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Discussion on: Enhancing GraphQL Schemas with Interfaces

jaxolotl profile image
Javier Valderrama (Jax)

This is a really interesting question. I've been looking at the implementation and didn't find a viable solution so far. The problem seems to be related to the way the __resolveType method is implemented. It's designed to force you to return a type name as a String and just one. Clearly that's part of the GraphQL declarative nature

    __resolveType(obj, context, info) {

      const {
        certified,
        privateLessons
      } = obj;

      if (certified) {
        return 'SkiPatrol';
      }

      if (privateLessons) {
        return 'Instructor';
      }

      return 'WateverDefault';
    },

And depending on the order of the early returns you'll end up having the first match.

A possible workaround might be to have multiple interfaces:

interface Employee {
  id: ID!
  firstName: String!
  lastName: String!
  role: [Role!]!
}

interface InstructorInterface {
  level: Int!
  privateLessons: Boolean!
}

interface SkiPatrolInterface {
  certified: Boolean!
  aviLevel: Int!
}

type Instructor implements Employee & InstructorInterface {
  id: ID!
  firstName: String!
  lastName: String!
  role: [Role!]!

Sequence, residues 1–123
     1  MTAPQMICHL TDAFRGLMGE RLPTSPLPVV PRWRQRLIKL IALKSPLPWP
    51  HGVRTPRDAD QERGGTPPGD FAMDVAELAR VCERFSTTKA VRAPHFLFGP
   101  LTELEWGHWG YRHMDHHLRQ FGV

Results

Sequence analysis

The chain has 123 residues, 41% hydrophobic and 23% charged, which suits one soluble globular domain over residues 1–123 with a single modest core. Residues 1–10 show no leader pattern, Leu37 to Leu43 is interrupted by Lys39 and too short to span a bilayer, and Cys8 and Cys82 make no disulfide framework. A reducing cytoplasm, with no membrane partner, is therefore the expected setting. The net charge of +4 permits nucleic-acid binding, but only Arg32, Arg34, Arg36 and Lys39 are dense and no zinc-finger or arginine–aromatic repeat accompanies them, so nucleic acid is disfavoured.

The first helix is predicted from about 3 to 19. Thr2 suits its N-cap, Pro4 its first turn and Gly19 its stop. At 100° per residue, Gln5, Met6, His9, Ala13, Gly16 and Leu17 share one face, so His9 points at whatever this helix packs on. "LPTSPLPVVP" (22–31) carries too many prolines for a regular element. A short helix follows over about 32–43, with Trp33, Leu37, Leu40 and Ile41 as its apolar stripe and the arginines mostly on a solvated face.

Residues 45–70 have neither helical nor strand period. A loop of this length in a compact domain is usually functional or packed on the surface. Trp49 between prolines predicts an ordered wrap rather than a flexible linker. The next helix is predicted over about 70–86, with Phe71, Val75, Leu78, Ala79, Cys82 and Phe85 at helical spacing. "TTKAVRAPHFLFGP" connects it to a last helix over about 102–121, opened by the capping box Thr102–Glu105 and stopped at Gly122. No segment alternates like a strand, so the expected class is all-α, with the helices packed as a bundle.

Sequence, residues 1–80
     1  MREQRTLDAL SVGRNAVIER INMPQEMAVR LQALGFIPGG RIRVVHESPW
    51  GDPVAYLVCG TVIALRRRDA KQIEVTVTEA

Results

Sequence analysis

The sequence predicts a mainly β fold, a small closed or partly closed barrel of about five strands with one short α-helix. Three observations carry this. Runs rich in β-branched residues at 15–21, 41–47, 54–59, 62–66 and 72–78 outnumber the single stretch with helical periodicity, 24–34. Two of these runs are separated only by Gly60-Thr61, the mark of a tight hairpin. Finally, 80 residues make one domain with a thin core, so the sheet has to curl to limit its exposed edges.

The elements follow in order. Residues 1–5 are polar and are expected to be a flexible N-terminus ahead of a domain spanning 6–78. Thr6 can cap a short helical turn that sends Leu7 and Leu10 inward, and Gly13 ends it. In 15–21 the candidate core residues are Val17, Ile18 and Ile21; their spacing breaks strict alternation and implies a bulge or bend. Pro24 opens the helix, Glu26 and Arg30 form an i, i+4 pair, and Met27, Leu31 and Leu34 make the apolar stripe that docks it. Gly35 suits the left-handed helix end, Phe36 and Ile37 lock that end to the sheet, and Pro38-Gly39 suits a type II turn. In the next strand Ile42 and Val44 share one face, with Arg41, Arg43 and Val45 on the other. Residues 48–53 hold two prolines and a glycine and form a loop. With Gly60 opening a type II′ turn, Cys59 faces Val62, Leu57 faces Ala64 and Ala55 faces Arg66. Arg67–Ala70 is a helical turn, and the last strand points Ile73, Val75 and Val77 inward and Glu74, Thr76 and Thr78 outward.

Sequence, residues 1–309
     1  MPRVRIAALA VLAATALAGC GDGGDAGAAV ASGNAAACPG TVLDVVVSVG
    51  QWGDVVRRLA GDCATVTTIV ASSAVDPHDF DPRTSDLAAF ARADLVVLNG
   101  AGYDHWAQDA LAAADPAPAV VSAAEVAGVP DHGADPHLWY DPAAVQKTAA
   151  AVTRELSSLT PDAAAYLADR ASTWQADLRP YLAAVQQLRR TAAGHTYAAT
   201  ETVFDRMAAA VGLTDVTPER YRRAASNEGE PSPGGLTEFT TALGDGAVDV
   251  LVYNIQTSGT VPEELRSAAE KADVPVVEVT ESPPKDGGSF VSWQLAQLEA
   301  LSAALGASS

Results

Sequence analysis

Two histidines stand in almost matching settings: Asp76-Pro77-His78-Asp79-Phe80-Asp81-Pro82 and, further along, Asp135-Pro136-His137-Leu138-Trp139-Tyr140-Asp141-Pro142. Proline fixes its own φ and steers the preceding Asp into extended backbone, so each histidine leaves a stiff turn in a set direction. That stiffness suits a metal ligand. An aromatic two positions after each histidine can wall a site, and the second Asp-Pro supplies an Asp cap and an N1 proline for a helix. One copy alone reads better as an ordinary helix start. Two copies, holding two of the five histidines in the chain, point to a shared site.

##
  level: Int!
  privateLessons: Boolean!
}

type SkiPatrol implements Employee & SkiPatrolInterface{
  id: ID!
  firstName: String!
  lastName: String!
  role: [Role!]!
  ##
  certified: Boolean!
  aviLevel: Int!
}

type SkiPatrolAndInstructor implements Employee & SkiPatrolInterface & InstructorInterface{
  id: ID!
  firstName: String!
  lastName: String!
  role: [Role!]!
  ##
  certified: Boolean!
  aviLevel: Int!
  ##
  level: Int!
  privateLessons: Boolean!
}

and resolve it like this

    __resolveType(obj, context, info) {

      const {
        certified,
        privateLessons
      } = obj;

      if (certified && privateLessons) {
        return 'SkiPatrolAndInstructor';
      }

      if (certified) {
        return 'SkiPatrol';
      }

      if (privateLessons) {
        return 'Instructor';
      }

      return 'WateverDefault';
    },

obviously this is just a hint and probably not the best practice for production quality code, but it might help you think something more elegant

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mikemeerschaert profile image
mikemeerschaert • Edited

Thanks for the reply! This is actually exactly how I ended up implementing my schema! I have a file called CombinationTypes that defines all the different permutations of combined interfaces. When new combos are needed it's as simple as adding them to the schema since the interfaces already have the resolvers mapped to them. I have a "base" interface (like you have here with employee) that every combination type implements, and then I have a json object that maps possible values of fields on the base interface to all the various combo types. It's not in production yet, but it actually works very well.

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jaxolotl profile image
Javier Valderrama (Jax)

Maybe I'm not getting it right, but it sounds to me as something you might achieve in a more GraphQL style by using Federation, Schema Composition and Apollo Gateway.

Here a link to the documentation and 2 excellent videos

apollographql.com/docs/apollo-serv...

youtube.com/watch?v=v_1bn2sHdk4

youtube.com/watch?v=OFT9bSv3aYA

I hope you find this useful.